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Tuesday, June 13, 2017

And On We Go a'Weaving

I began writing this post on Wednesday, and had to put it on hold while we made a pre-Father's Day trip to Los Angeles. We figured that my father-in-law would have lots of visitors on the weekend, so spreading out 'his' day would be a good idea. So, to resume the post:

After letting the lashed-on warp rest overnight, I wove a few picks to debug the threading, and finding no errors, went on to get the PPI at the desired density. Here's the result:


For this draft, I'm only using 16 shafts. Eight shafts for the big stripes (both colored and natural), four shafts for the narrow, paler stripes of each color, and four more shafts for the basket-weave selvedges.

The warp is all 12/2 unmercerised cotton. The hem wefts will be 24/2 unmercerised cotton, and the towel body wefts will be either 16/2 unmercerised cotton in natural or 18/2 unmercerised Fox Fibre in light green.  I may use up the remains of the colored warp yarns for narrow, weft-wise stripes on the last few towels on the warp.

The drafts use broken twill for hems, and various straight and point twill for the broad stripes.

That's the plan, anyway. 

Saturday, June 10, 2017

Getting Closer...

The towel warp is threaded and sleyed. Lashing on today. More photos to come.


The warp is 12/2 cotton, and the colored stripes are Fox Fibre's naturally colored cotton. The natural stripes are from a U.S. mill. I've sett the warp at 32 epi, and plan to use a finer cotton, also unmercerized, for weft.

Sunday, May 28, 2017

Oops!

I forgot to post these images a few days ago. The Fox Fibre tea towels are ready to thread:


In the meantime, we have guests. One set before and another after the Memorial Day holiday tomorrow, so I have not been able to begin the actual threading. Soon, I hope!

Friday, May 19, 2017

Beaming the First Warp in Months!

Yes, really! The photo below is the first 8 sections (there are a total of 19 in the design) of a run of dish towels (or tea towels, if you prefer) using 2/12 Fox Fibre naturally colored cotton in two shades of brown and two shades of green. In this case, my use of the term shade refers to the percentage of natural versus the colored fiber in the blend. The light brown yarn has a higher percentage of natural fiber than the dark brown yarn.


The two brown yarns are in the center of the design, because those were the cones holding the least yarn. I spent a fairly long time with some empty cones of the same type, and a scale, and a spreadsheet to help me figure out how wide I could make the stripes without running out of the darker brown yarn. It was a tense few moments as I wound the last of the dark brown stripe. These are the remnants of the two browns:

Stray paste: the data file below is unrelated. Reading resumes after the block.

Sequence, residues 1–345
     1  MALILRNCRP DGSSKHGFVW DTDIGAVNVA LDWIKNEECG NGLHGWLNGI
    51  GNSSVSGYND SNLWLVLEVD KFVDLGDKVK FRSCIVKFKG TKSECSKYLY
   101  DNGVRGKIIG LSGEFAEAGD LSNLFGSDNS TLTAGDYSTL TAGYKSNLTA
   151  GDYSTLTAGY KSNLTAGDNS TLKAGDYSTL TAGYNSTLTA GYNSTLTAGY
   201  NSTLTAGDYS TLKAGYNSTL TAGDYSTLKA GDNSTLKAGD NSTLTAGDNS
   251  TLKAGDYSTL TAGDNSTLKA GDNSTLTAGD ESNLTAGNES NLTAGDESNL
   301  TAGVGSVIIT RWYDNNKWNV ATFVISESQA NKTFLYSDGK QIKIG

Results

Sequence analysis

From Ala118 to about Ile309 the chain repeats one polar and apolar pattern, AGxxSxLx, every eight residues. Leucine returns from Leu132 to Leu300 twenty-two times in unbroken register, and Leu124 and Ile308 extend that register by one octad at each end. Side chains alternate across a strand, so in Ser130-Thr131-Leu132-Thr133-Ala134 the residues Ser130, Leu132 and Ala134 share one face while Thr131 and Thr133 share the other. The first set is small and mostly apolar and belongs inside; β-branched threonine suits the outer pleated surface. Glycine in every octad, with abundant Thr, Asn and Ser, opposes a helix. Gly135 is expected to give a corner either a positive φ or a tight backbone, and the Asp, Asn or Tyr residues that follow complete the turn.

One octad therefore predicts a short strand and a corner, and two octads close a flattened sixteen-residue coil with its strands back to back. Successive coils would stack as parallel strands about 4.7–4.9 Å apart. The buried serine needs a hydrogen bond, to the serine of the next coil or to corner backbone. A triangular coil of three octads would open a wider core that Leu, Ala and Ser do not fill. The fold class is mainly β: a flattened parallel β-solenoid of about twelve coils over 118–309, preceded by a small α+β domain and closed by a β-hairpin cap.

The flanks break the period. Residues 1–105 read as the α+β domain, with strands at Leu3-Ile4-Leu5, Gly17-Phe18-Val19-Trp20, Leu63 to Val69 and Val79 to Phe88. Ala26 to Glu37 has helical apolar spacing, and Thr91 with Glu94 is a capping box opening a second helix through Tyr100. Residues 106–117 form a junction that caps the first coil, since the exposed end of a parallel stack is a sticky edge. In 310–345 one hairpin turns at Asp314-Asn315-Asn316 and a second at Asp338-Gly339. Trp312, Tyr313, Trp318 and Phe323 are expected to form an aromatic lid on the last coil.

Only just enough left of the darker brown for 1 or 2 repair ends, and it's a good thing these are towels, not yardage!

I began the project with over 16 ounces of natural, and ample light green and dark green for the design. The colors of the Fox Fibre cotton will deepen with a few trips through an alkaline laundry cycle, which I will do here in the studio so the buyers will have a better sense of the eventual hues.

Tuesday, May 09, 2017

Another Happy Flower Producer

This one is my Peanut Cactus. After a winter in the greenhouse, it is delighted to be out in the sun again. The blooms, almost blindingly orange, are larger this year, at least 2.5 inches across.

And although you may not believe it, I'm in the process of getting ready to beam a warp on the dobby loom. Tea towels in naturally colored cotton from Fox Fibre.

Sunday, April 30, 2017

Iris Season

Not the metaphor for woven iridescence, the flower itself. We've been enjoying these beauties for a couple of weeks. Time to share:










Saturday, April 29, 2017

Is It Really Almost May?

And here I am, still on holiday from the studio. A little knitting, some spinning and plying, but mostly trying to become fully mobile again. The surgeon keeps reminding me that full healing can take a year or more, and to keep at the exercises (but don't overdo them).

We have made a few day trips out into the California springtime countryside. As you might have seen in the news, the desert-like countryside is really stimulated by the rainfall this past winter. (Our calculation at home is almost 3x the normal. Twelve inches annually, between mid-October and late April, has been typical for the years we have lived in this part of the state, about half-way between the San Francisco/Oakland/San Jose area and the Los Angeles basin to the south. This year, we measured over 35 inches.)

Wildflower seeds can wait many years for enough rain before they germinate. Early in April, we drove east to the edge of the Carrizo Plain National Monument, and although we were about a week early for the maximum colorful display, this was typical of what we drove past:



The common names of some of these include tidy tips, fiddleneck, shooting star, owl's clover, and baby blue eyes. It was actually difficult to find a place to take a photo without another 20 cameras clicking away within the frame. Where a low spot was damper than the hillsides, the variety was much greater, and the stems of the flowers taller. The ones above were perhaps 6 inches maximum, the blues and whites in the next photo were up to 24 inches:



Closer to home, and 10 days farther into the season, we now are enjoying lots of native lupines and California poppies. These are on our property, so I don't have to go far to appreciate the result of the rainfall:



Both of these have very recognizable foliage, so I can persuade DH to let them have their days of glory before he pulls them up.  And by that time, they've scattered the seeds for the next season.

Tomorrow, I'll post some pictures of our domestic plantings, the purposeful ones, not the spontaneous and accidental ones. Happy Springtime!